- Our partner Ganja Farmer has shared with us the growing experience of Jeremy, who managed to grow our strain White Widow Autoflowering on his tiny Parisian balcony.
- Find out how in this grow report and be surprised at how well our seed does even in the most unexpected places.
On the balcony, the choice of the strain is key
Jérémy, a grower from Paris, used his tiny but sunlit balcony to grow some plants for personal use. Over the years and crop after crop, he has learnt to master the basics of pot growing.
This is his story:
White Widow Auto is the only strain I grow. I like it because I used to smoke it in Dutch coffee shops, and it ended up being my favourite. In recent years, though, getting supplied is always more difficult, so I had no choice but to become self-sufficient. And in the absence of a better growing area, I had to settle for the ten square-metre balcony of my Parisian apartment. The good thing is that it's south-facing, so it gets direct sunlight from dawn to dusk.
In order to avoid prying eyes, it's important that the plants don't grow taller than 80 cm, 1 metre at most. This is why I always grow autoflowering strains. They might have had a reputation of being second-class weed for some time, but thanks to the improvements made by the seed banks in recent years, they are now as good as feminised strains. And this is particularly true for Dinafem. I rely on them year after year, and I've never had the slightest problem with their seeds.
Finding the right materials can be quite of a challenge
I grew my first cannabis plants five years ago - in 30L clay pots with soil for geraniums - and I soon realised that pot growing is way more difficult than I though. Finding the right soil is no easy task, plus, you have to keep it properly hydrated - in the hot days of June and July, the sun would heat the pots up to 70 °C, killing some of the plants.
Clay pots get overly hot under the sun.
Over the years, I have refined my technique, and now I use coco fibre instead of soil - it is pricier but also more efficient - which I then mix with a compost made available by the Paris park authorities. As for the pots, clay is to be avoided like the plague in balcony growing, so I use 80L fabric pots instead. These are specially designed for gardening use and can be easily found at any gardening store. Lastly, I fill the pots with sand to a depth of several cm to promote drainage.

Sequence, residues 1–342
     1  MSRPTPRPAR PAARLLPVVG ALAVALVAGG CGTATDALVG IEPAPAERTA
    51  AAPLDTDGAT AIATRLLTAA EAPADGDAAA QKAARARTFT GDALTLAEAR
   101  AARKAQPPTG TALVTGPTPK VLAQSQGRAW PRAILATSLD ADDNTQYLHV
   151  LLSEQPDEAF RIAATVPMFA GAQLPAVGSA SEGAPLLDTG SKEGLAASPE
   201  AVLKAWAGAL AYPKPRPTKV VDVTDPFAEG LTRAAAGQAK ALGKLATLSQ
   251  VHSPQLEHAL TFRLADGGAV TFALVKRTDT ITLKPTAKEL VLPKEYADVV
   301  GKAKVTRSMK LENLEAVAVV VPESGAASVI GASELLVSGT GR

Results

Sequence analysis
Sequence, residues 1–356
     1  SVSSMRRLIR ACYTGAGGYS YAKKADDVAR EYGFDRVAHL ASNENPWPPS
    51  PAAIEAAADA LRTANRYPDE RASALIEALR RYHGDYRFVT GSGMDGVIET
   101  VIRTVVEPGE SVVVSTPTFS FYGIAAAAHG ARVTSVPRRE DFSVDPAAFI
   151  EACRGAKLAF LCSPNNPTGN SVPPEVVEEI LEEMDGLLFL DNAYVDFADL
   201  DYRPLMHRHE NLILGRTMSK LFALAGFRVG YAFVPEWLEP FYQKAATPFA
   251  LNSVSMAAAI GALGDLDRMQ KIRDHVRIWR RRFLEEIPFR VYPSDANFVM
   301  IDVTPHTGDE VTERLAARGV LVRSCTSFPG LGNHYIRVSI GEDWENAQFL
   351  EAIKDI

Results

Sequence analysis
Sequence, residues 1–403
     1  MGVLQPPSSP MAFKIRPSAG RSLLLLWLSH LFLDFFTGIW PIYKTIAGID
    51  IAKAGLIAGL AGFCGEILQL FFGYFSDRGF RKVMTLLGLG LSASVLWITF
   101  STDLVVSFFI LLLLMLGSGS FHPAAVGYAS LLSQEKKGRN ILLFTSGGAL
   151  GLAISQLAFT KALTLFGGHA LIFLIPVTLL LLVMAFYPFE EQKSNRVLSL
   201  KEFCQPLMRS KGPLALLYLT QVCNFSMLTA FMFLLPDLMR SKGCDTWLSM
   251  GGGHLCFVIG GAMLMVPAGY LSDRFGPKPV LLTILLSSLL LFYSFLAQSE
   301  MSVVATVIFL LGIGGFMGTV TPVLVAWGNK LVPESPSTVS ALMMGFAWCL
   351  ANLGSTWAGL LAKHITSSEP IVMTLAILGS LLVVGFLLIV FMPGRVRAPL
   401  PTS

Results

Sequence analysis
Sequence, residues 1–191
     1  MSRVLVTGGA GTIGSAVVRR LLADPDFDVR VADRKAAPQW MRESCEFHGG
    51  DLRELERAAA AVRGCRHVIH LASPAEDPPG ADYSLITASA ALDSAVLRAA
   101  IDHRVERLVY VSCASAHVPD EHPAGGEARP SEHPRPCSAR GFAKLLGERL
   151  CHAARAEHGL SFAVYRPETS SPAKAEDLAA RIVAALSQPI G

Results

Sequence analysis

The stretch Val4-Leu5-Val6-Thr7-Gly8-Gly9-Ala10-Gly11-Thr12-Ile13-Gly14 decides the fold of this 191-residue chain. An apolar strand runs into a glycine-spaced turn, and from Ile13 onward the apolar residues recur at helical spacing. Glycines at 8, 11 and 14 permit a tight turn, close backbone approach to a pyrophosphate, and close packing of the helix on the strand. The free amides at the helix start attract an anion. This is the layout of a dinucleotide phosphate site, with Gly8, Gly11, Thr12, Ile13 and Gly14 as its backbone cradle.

Also, I have invested in an electric canopy that is not exactly cheap but allows me to keep the rain out. And just by adding a transparent sheet, I can turn it into an ad-hoc greenhouse, which I then heat with an oil stove. My last purchase of the season is a gravity-fed drip irrigation kit. It consists of a 100L tank and four sprinklers per pot, enough to ensure optimum soil moisture content. Before switching to fabric, I had to soak the pots to maintain proper moisture levels, but then you can end up with a sore back.
I order five seeds of White Widow Autoflowering - I also try an XXL one -and I start them on 1 May, just as the May Day demonstrators pass by my window. The weather is nice and the protection sheet allows me to keep the temperature constant at about 20-25 °C. By day four/five, all the seeds have germinated and the outlook is very promising. During the first weeks of growth, the weather turns grey and a bit chilly, so I have the stove on almost nonstop in order to keep the young seedlings at a temperature of about 20 °C - never below 15 °C at night.
The sunlight has been kind of scarce, but during the first stage of the growing period this is not really a problem. Next year I might get an emergency striplight, though, otherwise cloudy days can really be too much to handle. The first signs of the upcoming flowering show on day 28/92, when the plants are approaching the 20 cm mark, but things don't get serious until day 44/92 - at this point the plants are about 60 cm tall. The first fruits appear on day 52/92, followed by the first trichomes on day 71/92 - when the biggest plant is 94 cm tall.
At this point, a vast green tide takes over the floor of the balcony. July temperatures are scorching hot, so I protect the plants with a blend of hemp and flax, and I surround the pots with planks to shield them from direct sunlight. Plus, I water the growing area and the balcony floor and walls three times a day in order to keep the area cool. Because of its light colour, White Widow doesn't make things easy when it comes to telling whether the plants have reached maturity. Contrary to other strains that take on reddish hues, with White Widow the attention needs to be focused on the trichomes, which turn slightly grey in the sunlight. Also, when grown in a pot, the plants show signs of ageing - i.e. yellowing leaves, withered appearance - that clearly indicate it is time for harvest.
Let the party begin!
Sadly, I don't have much space for drying, and to make matters worse, my wife is always moaning about the smell. This is why I out of all the rooms in our apartment, I choose to work in the bathroom, which is fitted with an air vent. The lower flowers usually need five to six extra days to ripen completely, so I harvest in phases starting from the largest buds, which in the summer heat dry in just six/seven days.
The biggest plant is 88 cm tall and has produced 227 grams of bud - after trimming and drying - as opposed to the smallest plant, which is 61 cm tall and has produced 106 grams. The leaflets are great for consumption too, but I store them separately to avoid damaging the buds. These I store in the cellar, inside plastic food boxes next to the wine. - White Widow Autoflowering ages wonderfully in these conditions. To mark the beginning of the August break, I take out a sample of my first crop, and I am left totally amazed by its perfect state of conservation: simply astonishing!